Werner Weingartner believes that if you plant a seedling and cultivate it, it will grow into a strong and healthy tree. The seeds of the mature tree than will sprout the growth of many new trees.
He is a mathematician by training. But as a descendant of farmers, he is fond of explaining complex issues, like his Global Initiative project, by references to the ways how nature works.
“What inspired me to initiate and provide funding for the Global Initiative project at the College of William & Mary, was a visit to its Reves Center for International Studies,” Weingartner said during a recent interview with the Lake Placid News and The Virginia Gazette.
“I have a certain vision. I want to see American students and young people from foreign countries studying here, to unite and come forward with ideas that would have a major impact on solving the problems of the world.”
He said he believes that by supporting a student-to-student effort for ideas across ethnic, religious and political boundaries, the world may become a more peaceful place.
In his view, William & Mary is uniquely positioned to be an incubator of new ideas. It is of just the right size, has in place a superb academic support structure, and is able to provide the opportunity for its students, many of them from about 50 different countries, to interact and come up with solutions that may have not occurred to people set in their ways.
“I want to leave a lasting legacy,” Weingartner said, “because America was good to me.”
He arrived to America in 1939 from Germany, as a 3-year old with his family. After some difficult times of adjustment, his father, the former farmer, went into the furniture business and prospered. Werner, chose to become a math teacher, and landed a job at the famed Bronx High School of Science. He also invested wisely, enabling him to realize his vision now instead of later.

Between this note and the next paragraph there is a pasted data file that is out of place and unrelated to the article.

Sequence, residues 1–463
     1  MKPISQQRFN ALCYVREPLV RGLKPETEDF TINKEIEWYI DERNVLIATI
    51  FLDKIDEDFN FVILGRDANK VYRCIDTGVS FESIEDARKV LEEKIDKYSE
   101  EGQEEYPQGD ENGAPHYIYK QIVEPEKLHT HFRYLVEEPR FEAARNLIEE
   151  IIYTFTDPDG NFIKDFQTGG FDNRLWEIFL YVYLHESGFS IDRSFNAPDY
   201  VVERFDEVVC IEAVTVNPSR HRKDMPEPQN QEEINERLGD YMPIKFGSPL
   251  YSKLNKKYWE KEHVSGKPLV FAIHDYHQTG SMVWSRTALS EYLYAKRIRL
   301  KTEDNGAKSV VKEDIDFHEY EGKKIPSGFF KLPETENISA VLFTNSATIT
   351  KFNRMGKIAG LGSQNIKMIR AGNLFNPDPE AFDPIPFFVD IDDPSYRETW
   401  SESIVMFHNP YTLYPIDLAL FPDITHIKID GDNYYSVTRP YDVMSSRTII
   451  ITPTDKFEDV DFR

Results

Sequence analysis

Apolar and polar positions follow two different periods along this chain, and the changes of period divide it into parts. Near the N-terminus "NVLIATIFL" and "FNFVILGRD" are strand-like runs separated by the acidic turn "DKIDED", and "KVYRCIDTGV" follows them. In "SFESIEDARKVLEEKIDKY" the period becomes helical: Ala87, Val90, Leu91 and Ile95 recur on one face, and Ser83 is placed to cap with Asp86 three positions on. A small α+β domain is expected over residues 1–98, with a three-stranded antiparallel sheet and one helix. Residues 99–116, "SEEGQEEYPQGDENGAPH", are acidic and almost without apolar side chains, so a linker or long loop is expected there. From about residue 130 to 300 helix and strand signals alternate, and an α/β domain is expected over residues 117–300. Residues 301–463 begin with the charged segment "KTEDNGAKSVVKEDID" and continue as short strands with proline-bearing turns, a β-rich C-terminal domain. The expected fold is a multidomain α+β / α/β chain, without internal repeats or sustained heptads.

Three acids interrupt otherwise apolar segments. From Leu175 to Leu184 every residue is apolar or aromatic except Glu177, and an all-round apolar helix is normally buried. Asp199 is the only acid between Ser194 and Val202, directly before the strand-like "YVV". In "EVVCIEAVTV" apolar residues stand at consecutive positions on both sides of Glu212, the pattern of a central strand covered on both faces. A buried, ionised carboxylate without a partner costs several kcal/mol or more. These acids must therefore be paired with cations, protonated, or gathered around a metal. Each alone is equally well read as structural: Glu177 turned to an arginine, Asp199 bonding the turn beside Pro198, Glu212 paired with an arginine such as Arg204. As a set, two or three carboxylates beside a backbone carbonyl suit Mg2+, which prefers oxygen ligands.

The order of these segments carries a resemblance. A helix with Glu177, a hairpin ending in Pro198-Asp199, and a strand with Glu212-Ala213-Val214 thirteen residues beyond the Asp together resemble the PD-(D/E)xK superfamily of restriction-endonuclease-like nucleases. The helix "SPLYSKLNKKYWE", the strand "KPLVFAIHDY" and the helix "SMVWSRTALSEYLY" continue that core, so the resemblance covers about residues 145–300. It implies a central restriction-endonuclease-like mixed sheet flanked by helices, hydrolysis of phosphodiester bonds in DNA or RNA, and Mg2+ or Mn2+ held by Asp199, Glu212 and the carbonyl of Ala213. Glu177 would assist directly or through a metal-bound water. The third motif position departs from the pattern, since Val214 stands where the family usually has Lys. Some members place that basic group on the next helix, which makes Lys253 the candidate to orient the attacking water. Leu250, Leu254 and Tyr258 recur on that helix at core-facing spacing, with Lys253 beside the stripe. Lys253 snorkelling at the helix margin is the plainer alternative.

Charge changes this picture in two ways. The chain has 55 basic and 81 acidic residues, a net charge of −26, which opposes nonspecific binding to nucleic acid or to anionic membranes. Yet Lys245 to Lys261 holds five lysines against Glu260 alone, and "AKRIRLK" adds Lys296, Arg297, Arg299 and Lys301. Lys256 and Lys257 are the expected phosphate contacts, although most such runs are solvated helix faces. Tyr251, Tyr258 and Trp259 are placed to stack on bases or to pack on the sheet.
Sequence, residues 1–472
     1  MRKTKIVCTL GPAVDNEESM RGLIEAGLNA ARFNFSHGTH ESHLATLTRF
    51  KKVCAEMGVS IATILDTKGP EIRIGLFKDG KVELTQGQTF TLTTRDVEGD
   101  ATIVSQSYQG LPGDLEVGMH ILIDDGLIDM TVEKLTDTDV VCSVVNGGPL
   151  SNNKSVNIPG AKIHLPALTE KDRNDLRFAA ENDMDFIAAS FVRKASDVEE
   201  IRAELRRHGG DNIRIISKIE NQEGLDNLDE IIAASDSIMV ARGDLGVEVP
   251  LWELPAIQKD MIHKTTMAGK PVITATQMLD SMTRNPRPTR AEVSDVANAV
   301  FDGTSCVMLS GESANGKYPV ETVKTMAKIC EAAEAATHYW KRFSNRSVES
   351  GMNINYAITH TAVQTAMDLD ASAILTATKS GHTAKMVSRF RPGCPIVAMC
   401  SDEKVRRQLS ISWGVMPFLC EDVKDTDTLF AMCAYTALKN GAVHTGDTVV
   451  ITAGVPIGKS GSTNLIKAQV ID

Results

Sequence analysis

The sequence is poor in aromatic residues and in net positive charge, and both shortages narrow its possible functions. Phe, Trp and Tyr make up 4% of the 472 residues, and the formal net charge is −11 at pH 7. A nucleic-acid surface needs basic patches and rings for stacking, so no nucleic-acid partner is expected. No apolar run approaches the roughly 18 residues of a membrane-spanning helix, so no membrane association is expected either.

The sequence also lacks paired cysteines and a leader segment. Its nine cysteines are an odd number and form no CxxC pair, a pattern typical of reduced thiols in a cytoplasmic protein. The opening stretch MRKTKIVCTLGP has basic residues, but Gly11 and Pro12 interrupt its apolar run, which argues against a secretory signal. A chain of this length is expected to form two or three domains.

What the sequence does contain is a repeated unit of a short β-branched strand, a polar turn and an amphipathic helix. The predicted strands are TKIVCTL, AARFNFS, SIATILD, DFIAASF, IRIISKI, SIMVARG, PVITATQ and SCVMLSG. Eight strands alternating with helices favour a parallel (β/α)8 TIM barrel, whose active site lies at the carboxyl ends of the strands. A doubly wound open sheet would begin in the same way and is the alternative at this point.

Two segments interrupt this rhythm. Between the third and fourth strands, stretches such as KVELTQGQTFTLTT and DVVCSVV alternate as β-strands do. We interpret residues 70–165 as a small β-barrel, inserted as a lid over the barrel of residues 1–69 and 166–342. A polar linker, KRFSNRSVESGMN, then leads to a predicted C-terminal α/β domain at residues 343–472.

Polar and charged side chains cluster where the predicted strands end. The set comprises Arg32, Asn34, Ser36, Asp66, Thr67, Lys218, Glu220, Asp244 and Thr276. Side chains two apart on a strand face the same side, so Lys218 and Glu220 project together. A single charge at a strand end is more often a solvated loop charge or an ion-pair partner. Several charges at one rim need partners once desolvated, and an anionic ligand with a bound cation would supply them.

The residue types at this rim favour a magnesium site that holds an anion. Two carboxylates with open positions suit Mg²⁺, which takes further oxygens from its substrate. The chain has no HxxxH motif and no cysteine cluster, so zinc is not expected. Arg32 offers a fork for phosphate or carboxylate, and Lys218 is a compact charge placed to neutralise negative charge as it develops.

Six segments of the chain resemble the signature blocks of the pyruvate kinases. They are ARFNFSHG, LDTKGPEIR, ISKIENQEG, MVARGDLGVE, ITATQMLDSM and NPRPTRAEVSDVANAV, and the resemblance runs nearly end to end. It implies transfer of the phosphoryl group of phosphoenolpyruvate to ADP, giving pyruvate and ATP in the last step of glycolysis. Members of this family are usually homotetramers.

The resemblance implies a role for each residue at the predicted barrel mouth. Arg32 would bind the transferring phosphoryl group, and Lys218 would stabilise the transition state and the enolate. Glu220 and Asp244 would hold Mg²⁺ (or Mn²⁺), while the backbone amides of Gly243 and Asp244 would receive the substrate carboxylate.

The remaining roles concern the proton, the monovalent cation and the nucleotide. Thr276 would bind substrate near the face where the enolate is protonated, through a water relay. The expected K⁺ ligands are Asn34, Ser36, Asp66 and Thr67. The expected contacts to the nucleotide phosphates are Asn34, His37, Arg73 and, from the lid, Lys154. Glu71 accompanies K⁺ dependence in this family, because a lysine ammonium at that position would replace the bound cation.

According to Prof. Joel Schwatz, director of the Charles Center, who runs the prestigious Monroe Scholar program, “The underlying goal of the Weingartner Global Initiative is to support faculty-student research that will have an impact on critical international policy issues by influencing policy makers and other influential actors.”
There are two components of this project, he said. Michael Tierney, who serves as the Weingartner Professor, works with W & M students analyzing the patterns and effects of aid programs around the world.
The second component supports the Project on International Peace and Security research seminar. The seminar provides students with the opportunity to conduct research related to international security that are of interest to policy makers in Washington. The students than present their research in Washington to important members of the policy community.
Hannah Thornton, a student who participate in the project, discussed her proposal for a “Virtual Library of Freedom” at an event held at the prestigious Brookings Institution.
“Hannah research demonstrated the extensive use of the internet by terrorist groups to spread their messages, network, and recruit,” Schwartz said. “She has proposed the creation of “Virtual Library of Freedom,” a website that provides, in translation, documents from the liberal democratic tradition. It will also include social networking capabilities that will allow young, educated people who are targeted by terrorist groups to learn about democratic traditions, and discuss ideas. She has recruited an extensive group of William & Mary students, including Arabic-speaking students who help with translations.”
Her goal is, Schwartz said, to engage student audiences from across the United States and then to reach out to students from other countries.
This approach seems to reflect closely Weingartner’s vision of what the Global Initiative project should accomplish.
Frank Shatz lives in Williamsburg, Va. and Lake Placid. His column was reprinted with permission from The Virginia Gazette.